Introduction

College has been over for exactly two weeks now, and we’ve all scattered to our various destinations, back home or to new cities, struggling to put down roots and take up barely-paid internships as we strive to make some sense out of early-twenties limbo. Our particular brand of striving takes a more literary form: we (Nora and Maeve) graduated from Hamilton College (a picturesque, tiny liberal arts school in the rolling hills of Upstate New York) with degrees in Comparative Literature, and, having the strong conviction that we wanted to become writers but less of a sense of how this might happen, are attempting to make our way into the world of journalism. Having met in sophomore year, we’ve bonded over oxford commas and literary-themed drinks, shared many a mango brie panini in our student-run café, and have no desire to lose these connections after graduation.

Nora is from New York, and working for the summer as an Intern at a political newspaper in Washington, DC, interviewing congressional delegates and doing features writing for the publication. Maeve is still in Baltimore (her hometown) for the time being, but will move to New York City in July to work as an Editorial Intern for a photography magazine in Chelsea. Though we have moved to different cities and taken up (what we hope are) the beginnings of our adult lives, we will miss one another and (as unabashedly geeky as it sounds) miss our literary lives.

We got together in February of senior year, when upstate New York was still snowbound, and jobs and graduation seemed millennia away, and devised a plan to hold onto those parts of college which we loved the most, to stay grounded in one way even as our lives changed drastically in every other. In order to accomplish this, we decided, we would turn to Proust, the enigmatic, long-winded French author whose masterpiece, In Search of Lost Time, is the longest novel ever written, and the subject of a course at Hamilton. We always wanted to take this class (despite the fact that the reading load is around 500 pages per week!), and have decided we should take on the challenge as part of our post-college lives, use it to connect to each other and literature, and write about it.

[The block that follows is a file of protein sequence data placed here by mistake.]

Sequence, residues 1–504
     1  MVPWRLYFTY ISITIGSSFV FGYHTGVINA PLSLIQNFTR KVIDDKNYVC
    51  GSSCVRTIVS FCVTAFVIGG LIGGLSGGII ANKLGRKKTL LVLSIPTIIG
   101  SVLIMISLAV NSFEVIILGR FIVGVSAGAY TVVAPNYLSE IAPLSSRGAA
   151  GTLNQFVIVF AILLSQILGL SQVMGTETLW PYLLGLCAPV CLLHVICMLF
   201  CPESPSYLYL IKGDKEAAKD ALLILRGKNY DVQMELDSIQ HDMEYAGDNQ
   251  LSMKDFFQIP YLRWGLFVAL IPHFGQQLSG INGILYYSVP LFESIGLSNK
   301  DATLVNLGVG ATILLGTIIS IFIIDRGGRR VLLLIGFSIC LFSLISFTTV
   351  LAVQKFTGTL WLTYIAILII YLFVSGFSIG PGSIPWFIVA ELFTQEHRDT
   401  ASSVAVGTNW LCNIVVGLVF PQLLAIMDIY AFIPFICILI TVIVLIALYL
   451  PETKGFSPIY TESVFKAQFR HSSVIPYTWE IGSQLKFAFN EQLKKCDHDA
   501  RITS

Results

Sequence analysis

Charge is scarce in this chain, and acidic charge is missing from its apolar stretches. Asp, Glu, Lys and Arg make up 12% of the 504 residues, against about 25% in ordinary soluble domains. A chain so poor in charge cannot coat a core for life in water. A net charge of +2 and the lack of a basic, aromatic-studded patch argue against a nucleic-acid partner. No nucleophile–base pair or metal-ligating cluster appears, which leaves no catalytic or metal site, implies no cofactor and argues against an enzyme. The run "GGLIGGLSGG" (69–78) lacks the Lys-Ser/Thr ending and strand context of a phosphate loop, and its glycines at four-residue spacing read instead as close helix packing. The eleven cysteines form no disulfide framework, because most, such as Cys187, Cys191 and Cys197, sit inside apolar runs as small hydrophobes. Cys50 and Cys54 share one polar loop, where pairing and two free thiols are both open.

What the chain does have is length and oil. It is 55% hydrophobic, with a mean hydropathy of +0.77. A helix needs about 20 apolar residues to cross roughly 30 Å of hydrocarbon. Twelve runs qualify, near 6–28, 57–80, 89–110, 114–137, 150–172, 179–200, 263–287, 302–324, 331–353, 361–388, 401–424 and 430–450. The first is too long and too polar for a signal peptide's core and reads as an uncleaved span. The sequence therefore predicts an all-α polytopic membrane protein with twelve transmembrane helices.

And so, without further ado, here is the schtick:

1. We will attempt to read, relate, and reflect on the entirety of Marcel Proust’s In Search of Lost Time in the year following our college graduation. This amounts to 4,211 pages in a year, or roughly 81 a week.

2. In the process, we will continue to read, write, and engage in some version of a literary pursuit, making up for the absence of these things in our post-graduate lives, and

3. Most of all, stay in touch with both our college selves and each other, no matter where we end up, or what we end up doing.

Will too many nights of ramen (or, in Maeve’s case, gluten-free rice pasta) and the endless stretch of volumes get in our way? Will we reach September and realize that the hunt for real jobs takes precedence over nineteenth century Parisian parties and memories of madelines? Or will we prevail, finish the novel, find some connection to our own lives, and grow as both writers and friends?

At this point, your guess is as good as ours! Stay tuned—this will be an adventure.

—Nora and Maeve

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2 comments on “Introduction

  1. Eileen Connoll says:

    Love the fact that Nora and Maeve will be writing!!!!!I have missed Maeve’s blog.

  2. mikaylairle says:

    I think this is a genius plan! Though I only skirted the edges of Hamilton’s comparative literature department, Proust’s novel has nagged me throughout the years to pay it some attention. You’ve inspired me to dip into it this summer and I look forward to reading your blog!

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